June 30, 2011

    2

    The University has two discretely presented component units that are reported in separate columns on The Universitys financial statements to emphasize that they are legally separate from The University. The University of Akron Foundation (Foundation) and The University of Akron Research Foundation (Research Foundation) are not-for-profit organizations supporting The University. Since the focus of this discussion is on The University, these component units are not included in the amounts below. These component units are described in greater detail in the financial statements and notes to the financial statements. Table 1 summarizes The Universitys Statements of Net Assets at June 30, 2011, 2010, and 2009.

    Table 1 Statements of Net Assets (In Thousands)

    2011 2010 2009

    Assets: Current assets 160,338$ 166,825$ 141,533$ Restricted current assets 65,114 83,520 146,352 Noncurrent assets: Capital 686,801 686,229 621,530 Other 113,478 64,351 60,004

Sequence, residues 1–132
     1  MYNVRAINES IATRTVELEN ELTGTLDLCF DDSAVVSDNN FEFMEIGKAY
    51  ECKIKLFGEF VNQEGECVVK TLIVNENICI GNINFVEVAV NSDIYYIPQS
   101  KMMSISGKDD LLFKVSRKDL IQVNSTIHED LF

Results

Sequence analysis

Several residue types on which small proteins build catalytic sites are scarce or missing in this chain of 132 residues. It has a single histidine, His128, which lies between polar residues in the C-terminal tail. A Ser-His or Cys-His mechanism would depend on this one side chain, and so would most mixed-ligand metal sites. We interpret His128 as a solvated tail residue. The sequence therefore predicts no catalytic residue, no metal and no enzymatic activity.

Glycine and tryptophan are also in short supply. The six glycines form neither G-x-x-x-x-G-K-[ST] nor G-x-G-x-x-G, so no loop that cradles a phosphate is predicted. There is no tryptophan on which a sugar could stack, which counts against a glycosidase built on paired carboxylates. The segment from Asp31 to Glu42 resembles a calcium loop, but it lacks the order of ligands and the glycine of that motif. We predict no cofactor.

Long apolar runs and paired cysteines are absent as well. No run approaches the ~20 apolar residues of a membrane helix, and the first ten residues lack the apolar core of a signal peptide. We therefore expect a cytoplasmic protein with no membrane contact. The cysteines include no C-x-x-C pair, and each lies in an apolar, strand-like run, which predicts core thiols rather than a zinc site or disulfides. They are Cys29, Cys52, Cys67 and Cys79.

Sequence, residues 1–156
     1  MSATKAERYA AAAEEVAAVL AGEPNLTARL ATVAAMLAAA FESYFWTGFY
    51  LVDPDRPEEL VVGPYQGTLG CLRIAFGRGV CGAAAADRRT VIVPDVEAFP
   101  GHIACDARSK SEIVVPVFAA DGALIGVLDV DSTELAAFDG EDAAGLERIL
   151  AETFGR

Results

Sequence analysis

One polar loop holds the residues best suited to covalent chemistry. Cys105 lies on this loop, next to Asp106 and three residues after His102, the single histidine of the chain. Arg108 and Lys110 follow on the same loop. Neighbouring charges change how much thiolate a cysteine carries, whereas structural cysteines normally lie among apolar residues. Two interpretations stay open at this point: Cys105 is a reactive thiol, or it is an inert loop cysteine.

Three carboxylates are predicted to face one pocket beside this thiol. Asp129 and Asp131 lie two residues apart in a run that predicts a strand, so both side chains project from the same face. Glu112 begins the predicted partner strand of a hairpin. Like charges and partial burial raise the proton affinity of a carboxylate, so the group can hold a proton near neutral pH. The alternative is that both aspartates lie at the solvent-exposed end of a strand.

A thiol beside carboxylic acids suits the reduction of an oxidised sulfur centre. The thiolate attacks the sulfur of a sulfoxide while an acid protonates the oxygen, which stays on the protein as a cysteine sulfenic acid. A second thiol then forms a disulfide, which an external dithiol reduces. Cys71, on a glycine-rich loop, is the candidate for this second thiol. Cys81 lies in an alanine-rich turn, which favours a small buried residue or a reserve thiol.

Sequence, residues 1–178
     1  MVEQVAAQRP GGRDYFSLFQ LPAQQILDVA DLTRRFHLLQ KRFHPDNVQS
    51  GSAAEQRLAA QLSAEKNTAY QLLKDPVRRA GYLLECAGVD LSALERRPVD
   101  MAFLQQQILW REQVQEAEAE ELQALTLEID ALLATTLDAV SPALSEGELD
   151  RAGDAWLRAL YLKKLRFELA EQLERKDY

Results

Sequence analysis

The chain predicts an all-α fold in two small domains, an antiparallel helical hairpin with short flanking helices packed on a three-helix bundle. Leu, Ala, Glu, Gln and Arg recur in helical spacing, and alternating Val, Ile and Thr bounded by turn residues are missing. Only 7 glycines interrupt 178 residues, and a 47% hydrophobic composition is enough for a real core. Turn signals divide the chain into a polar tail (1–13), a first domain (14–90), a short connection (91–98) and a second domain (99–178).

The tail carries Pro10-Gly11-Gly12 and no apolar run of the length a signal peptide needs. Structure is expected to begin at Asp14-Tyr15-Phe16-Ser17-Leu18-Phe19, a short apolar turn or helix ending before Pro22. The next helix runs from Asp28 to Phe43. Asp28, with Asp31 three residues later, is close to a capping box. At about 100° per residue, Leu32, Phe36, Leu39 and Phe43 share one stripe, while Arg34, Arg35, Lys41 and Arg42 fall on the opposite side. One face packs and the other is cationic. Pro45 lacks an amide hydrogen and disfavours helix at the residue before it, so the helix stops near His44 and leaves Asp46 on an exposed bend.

Total assets 1,025,731 1,000,925 969,419

    Liabilities: Current liabilities 75,976 112,052 113,833 Noncurrent liabilities 453,158 425,275 430,797

    Total liabilities 529,134 537,327 544,630

    Net assets (as restated): Invested in capital assets, net of related debt 300,224 307,344 308,702 Restricted: Nonexpendable 21,835 21,295 19,403 Expendable 63,748 52,514 52,464 Unrestricted 110,790 82,445 44,220

    Total net assets 496,597$ 463,598$ 424,789$

    Certain components of net assets have been restated for 2010 and 2009 to correct an error in the classification of those net assets. See Note 2 of the financial statements.

  • The University of Akron Management's Discussion and Analysis

    June 30, 2011

    3